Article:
Chart 5: Ronald Reagan approval rating trend

Note: Reagan’s second term began in January 1985.

Source: Gallup

Despite his personal scandals, Bill Clinton is the only president in this analysis besides Eisenhower who suffered no major second-term approval decline — a remarkable reality given the Lewinsky scandal and the lying that accompanied it. As shown in Chart 6, his second-term approval rating never fell below the late May 1999 mark of 53%. Besides the overreach of congressional Republicans in seeking his impeachment (rather than merely censuring him), Clinton was buoyed by a vibrant economy and low unemployment rate, which was at 3.9% by December 2000 near the end of his time in office. Similar to Reagan, Clinton’s worst approval marks came in his first term.

Chart 6: Bill Clinton approval rating trend

Note: Clinton’s second term began in January 1997.

Source: Gallup

In the case of George W. Bush, we can use RealClearPolitics’ aggregated average of all approval polling to get a more detailed picture of the 43rd president’s second-term swoon. Below, Chart 7 illustrates that Bush’s net approval fell permanently into negative territory in May 2005. While the economy was improving at a fair rate during the first half of Bush’s second term, with an average GDP growth of 2.6% per quarter in 2005-2006, the unpopular Iraq War and the mismanagement of the response to Hurricane Katrina ate away at Bush’s approval, which was never especially high after his reelection. Once the economy began to fall apart in 2008, Bush’s approval approached the lows seen by Truman and Nixon.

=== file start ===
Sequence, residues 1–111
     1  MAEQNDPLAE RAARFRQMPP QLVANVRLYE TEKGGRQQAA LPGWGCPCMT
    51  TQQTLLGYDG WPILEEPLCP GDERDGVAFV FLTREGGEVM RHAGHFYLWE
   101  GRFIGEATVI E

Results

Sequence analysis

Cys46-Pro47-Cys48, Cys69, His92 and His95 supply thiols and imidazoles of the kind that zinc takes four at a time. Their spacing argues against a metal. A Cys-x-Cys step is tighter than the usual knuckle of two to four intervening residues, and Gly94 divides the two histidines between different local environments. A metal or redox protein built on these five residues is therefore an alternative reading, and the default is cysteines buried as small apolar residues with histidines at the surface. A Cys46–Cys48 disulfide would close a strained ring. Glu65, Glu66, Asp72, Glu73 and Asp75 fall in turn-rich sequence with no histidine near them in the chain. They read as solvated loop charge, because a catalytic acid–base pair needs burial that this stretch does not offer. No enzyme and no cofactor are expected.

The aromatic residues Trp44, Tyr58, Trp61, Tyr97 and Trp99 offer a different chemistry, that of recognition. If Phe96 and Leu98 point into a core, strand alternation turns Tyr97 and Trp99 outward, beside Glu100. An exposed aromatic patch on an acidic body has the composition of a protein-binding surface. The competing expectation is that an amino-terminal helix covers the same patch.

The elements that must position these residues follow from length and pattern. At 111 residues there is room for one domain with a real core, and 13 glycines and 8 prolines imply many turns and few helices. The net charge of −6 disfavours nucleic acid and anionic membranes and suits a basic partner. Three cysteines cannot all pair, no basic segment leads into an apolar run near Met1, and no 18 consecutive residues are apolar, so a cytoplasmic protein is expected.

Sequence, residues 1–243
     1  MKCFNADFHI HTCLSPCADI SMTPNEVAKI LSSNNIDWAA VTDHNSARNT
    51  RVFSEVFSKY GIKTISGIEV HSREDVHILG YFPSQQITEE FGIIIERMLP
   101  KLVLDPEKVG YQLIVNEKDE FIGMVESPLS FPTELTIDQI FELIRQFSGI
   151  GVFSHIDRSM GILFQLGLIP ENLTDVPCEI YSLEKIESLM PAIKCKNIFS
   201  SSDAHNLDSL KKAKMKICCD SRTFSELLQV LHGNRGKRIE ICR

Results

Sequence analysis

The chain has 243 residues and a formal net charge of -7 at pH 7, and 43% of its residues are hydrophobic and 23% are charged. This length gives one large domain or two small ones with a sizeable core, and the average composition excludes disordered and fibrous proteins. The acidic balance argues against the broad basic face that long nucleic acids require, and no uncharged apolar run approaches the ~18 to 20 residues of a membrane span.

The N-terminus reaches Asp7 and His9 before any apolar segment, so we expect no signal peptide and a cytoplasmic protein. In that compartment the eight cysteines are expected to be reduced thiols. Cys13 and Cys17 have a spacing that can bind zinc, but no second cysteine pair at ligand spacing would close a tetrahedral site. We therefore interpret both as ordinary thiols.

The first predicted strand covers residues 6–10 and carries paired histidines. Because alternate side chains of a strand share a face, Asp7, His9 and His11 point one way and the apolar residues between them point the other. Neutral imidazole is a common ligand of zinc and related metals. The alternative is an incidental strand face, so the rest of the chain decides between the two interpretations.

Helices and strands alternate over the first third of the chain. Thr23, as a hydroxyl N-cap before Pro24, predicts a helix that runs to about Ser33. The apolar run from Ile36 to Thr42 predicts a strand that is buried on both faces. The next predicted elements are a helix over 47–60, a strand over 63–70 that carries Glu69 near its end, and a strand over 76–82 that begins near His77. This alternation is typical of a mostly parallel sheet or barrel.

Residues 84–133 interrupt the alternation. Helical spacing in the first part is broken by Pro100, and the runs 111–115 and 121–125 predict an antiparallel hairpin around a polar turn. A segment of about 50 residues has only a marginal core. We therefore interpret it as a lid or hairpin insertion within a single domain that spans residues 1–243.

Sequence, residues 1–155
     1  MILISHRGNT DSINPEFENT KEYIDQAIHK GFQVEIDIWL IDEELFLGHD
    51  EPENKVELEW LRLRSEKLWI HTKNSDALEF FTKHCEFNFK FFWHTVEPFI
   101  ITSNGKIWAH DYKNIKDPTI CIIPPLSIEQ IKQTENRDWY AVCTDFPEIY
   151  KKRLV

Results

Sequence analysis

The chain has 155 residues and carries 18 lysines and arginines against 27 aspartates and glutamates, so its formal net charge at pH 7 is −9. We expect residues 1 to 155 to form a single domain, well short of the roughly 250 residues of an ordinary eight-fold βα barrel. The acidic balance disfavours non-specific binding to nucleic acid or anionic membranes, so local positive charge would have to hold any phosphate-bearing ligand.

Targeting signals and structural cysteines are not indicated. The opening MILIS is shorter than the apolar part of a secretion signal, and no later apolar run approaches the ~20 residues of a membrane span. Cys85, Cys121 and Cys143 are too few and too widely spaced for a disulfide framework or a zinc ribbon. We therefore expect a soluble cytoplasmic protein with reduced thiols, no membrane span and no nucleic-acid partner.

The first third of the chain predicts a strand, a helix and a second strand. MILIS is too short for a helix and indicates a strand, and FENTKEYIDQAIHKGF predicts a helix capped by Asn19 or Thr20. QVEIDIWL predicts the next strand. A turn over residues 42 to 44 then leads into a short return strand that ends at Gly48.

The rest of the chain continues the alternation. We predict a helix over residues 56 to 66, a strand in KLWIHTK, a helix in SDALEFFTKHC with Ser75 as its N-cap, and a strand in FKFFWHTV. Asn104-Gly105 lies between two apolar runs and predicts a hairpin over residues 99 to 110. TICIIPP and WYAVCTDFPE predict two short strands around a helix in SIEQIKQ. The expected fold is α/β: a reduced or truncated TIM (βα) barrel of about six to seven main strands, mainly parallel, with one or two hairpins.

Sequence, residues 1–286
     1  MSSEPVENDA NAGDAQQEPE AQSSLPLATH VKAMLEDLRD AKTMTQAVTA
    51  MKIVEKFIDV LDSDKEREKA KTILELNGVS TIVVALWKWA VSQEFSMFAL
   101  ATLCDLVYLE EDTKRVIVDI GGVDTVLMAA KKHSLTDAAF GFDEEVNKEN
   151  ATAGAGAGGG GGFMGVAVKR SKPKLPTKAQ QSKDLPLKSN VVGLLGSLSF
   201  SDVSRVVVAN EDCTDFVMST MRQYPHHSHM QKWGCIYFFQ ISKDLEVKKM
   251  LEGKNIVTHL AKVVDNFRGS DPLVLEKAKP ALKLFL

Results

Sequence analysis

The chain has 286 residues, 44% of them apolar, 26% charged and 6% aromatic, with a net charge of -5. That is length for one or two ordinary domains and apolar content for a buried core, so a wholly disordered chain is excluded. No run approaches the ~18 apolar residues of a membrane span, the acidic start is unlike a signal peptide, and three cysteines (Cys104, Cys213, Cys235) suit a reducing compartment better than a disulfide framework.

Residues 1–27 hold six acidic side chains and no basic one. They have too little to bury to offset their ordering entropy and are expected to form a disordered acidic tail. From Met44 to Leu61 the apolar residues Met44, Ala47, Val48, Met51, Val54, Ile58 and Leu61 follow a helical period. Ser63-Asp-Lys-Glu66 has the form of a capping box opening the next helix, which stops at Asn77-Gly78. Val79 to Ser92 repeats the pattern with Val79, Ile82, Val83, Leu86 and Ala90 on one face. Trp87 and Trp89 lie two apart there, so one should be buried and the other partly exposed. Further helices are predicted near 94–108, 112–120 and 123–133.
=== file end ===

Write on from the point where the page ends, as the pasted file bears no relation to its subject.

Chart 7: George W. Bush approval and disapproval rating trend

Note: Blue indicates approval, red indicates disapproval. Bush’s second term began in January 2005.

Source: RealClearPolitics

Chart 8: Barack Obama approval and disapproval rating trend

Note: Black indicates approval, red indicates disapproval.

Source: RealClearPolitics

As shown above, today Obama’s aggregate approval in RealClearPolitics’ average is about 44% while his disapproval is about 51%, indicating a further decline for the president since he fell back into the negative in June. But the small sample size of two-term presidents (or semi-two term, in the cases of Truman and Johnson) means that the incumbent is not necessarily doomed to the kind of permanent deterioration seen by many of his predecessors. Still, there is little question that the upcoming fights over the future of Obamacare, the budget, the debt ceiling and immigration will sorely test Obama. The lack of meaningful action in Washington and the ugly clashes that are on the way may drag Obama down the same road as Truman, Johnson, Nixon and the younger Bush. On the other hand, the absence of a stalemated war and the possibility of continued (if slow) economic improvement may allow Obama to escape their path and tread one more similar to Ronald Reagan. In this polarized, partisan era, Obama will benefit from continued intense backing by Democrats and minority voters; his ceiling isn’t fixed, but Obama’s floor is relatively high.